Julian Ozanne, 34, film producer, was born in Kenya and came to London to study at the LSE. He then worked in Washington for a Democrat congressman. He was a correspondent for the Financial Times for nine years before joining Bedford Square, a production company. He made a film about Ellis, This Is Not An Exit. He lives in London
BRET EASTON ELLIS: I met Julian a few times in New York in the early Nineties, but I really got to know him in the summer of 1996. I was sharing a big beach house in the Hamptons with various friends, including the writer Carter Coleman and his girlfriend.
What was meant to be an incredibly wonderful summer became a nightmare. There were constant arguments and some of us still aren't speaking to one another. Things got so bad that by August, when Carter said his friend Julian was coming in, we all thought "Bring in the Bride of Frankenstein - we don't care!" I'd heard stories from Carter about Julian's journalism and was expecting a gruff, tough, cliched war correspondent. Plus there was a big rumour going around that the British were really lousy house guests. I was thinking, "God, is this Brit going to be some moochy layabout?" But Julian turned out to be quite the opposite. He showed up, asked for a beer and I knew from the relaxed, smiling look on his face that things would be fine. It was a very hard-drinking house and Julian slipped effortlessly into that. He stayed longer than planned and demonstrated a proclivity to make parties last as long as they could.
There's nothing comparable in our backgrounds and that can help a friendship. Plus, if you tell me that American Psycho is one of your favourite books, as Julian did, then afterwards you can probably do no wrong. When he approached me about the documentary it sounded like an appalling idea. But he then appealed to my narcissism and persuaded me to be the film's star. Filming it was a big learning experience for Julian. I'd never done anything so collaborative but felt very comfortable with him around as producer. But I did have to say "no" sometimes, like when they wanted to film me at the gym - I had not given him total access to my life.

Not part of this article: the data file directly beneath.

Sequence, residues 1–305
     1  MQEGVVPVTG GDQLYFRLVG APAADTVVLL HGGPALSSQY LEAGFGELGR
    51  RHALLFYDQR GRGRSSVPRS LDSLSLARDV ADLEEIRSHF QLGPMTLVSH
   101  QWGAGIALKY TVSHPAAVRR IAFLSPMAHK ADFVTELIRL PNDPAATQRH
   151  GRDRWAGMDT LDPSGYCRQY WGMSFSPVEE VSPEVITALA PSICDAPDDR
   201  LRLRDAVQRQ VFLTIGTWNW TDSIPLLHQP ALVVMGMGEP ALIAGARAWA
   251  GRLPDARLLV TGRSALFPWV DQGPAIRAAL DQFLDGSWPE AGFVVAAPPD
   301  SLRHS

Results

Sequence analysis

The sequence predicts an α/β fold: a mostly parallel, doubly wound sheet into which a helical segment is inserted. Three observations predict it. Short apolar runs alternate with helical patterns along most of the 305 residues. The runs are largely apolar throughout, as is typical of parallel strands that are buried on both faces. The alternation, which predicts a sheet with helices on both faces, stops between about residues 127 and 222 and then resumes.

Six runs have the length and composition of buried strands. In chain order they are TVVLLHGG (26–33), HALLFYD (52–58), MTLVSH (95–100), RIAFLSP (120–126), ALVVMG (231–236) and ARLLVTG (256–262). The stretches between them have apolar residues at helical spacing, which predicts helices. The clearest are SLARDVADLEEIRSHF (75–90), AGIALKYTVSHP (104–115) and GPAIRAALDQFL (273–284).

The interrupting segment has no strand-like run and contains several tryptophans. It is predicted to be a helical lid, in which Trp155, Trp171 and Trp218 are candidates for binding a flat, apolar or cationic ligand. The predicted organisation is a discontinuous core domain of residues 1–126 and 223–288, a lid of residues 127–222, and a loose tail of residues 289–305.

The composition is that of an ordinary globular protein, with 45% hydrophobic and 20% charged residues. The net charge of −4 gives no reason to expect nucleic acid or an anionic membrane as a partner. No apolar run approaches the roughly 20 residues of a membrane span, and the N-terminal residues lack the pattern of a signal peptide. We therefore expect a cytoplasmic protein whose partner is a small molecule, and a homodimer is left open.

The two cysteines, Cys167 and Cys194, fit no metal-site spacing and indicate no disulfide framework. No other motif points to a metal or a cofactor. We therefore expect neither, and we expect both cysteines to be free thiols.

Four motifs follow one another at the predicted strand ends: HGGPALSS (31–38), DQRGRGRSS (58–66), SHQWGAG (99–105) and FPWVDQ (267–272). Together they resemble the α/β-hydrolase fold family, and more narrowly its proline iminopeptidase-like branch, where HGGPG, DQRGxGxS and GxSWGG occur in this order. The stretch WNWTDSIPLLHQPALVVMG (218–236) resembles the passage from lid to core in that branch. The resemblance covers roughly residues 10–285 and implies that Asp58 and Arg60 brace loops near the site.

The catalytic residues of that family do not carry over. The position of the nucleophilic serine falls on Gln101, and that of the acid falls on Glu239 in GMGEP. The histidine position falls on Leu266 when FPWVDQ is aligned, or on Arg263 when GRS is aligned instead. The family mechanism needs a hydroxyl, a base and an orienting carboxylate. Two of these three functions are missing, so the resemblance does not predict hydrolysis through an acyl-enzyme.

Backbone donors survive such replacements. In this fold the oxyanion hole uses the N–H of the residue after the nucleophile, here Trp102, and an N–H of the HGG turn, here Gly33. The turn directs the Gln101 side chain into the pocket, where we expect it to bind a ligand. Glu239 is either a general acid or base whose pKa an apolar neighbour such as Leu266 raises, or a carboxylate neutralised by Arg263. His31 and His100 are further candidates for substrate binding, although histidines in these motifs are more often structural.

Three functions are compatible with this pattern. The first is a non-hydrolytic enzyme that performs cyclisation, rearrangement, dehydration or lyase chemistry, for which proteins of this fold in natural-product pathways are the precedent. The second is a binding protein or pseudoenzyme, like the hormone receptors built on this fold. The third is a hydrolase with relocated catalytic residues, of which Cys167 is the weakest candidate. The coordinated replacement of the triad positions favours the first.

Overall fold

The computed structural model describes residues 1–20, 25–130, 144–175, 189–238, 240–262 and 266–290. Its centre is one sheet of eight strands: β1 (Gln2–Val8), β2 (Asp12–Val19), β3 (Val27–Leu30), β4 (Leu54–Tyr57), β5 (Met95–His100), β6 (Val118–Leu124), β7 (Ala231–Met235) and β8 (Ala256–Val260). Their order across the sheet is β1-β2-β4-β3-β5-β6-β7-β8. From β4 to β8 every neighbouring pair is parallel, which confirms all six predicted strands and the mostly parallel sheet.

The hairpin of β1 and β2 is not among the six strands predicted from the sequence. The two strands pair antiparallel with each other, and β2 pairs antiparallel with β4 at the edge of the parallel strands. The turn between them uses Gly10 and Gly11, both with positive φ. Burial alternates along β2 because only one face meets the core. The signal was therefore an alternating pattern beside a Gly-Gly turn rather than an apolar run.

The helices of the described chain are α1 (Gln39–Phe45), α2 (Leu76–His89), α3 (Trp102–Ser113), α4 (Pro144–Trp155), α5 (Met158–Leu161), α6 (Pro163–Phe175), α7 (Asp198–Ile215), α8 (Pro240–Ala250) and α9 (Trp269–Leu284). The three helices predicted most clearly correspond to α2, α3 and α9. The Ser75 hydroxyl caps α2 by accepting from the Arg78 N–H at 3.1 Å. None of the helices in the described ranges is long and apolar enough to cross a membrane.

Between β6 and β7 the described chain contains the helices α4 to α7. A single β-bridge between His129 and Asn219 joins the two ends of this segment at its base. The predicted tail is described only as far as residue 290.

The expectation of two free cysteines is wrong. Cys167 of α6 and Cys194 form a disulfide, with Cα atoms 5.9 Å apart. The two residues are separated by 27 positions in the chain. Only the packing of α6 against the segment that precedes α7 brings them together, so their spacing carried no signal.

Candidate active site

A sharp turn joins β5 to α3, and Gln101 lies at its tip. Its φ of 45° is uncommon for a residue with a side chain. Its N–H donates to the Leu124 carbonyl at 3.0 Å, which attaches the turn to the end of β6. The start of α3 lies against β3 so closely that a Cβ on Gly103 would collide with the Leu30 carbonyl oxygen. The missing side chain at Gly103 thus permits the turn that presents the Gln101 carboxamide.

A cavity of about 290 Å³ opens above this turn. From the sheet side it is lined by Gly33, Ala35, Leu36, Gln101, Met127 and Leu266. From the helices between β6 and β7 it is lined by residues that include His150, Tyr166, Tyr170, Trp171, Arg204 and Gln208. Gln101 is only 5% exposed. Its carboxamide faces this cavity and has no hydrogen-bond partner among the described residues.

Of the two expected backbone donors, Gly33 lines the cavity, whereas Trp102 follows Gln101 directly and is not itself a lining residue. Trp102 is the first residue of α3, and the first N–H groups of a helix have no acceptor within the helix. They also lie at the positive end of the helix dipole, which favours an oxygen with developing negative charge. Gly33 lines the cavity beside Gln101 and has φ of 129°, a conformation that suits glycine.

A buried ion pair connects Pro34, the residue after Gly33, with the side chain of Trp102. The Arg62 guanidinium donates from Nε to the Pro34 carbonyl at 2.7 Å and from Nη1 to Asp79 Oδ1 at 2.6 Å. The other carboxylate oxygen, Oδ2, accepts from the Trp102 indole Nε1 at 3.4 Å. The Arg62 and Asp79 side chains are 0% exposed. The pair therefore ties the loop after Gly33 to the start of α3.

The documentary is very flattering about my work but I hated it. Watching it, I learned that you perceive yourself one way, and then there's how others perceive you - and that you don't want to know. I was going, "Who the hell is this? That isn't me!" For the first time, there was real tension in my relationship with Julian, and we had it out last July, when I was publicising the film in London. He told me I had to stop badmouthing it. He was pacing up and down, smoking, holding a cell-phone, and I thought, "My God, he's become the typical producer."
A couple of months later I ran into him in LA at a screening. He sat down and told me he'd fallen in love with a young actress who was not really interested in him. That he could immediately pour his heart out like that shows how comfortable we feel together. There's not a lot hidden with Julian. I don't like the whole stiff-upper-lip business and with Julian there is a refreshing lack or reserve, though he's never so upfront that you're turned off. There's nothing he could say that would make us stop speaking - which is not the case with some of my American friends. I trust Julian and can't imagine the friendship not enduring. Even though some of our times together haven't been physically healthy, emotionally they've been great.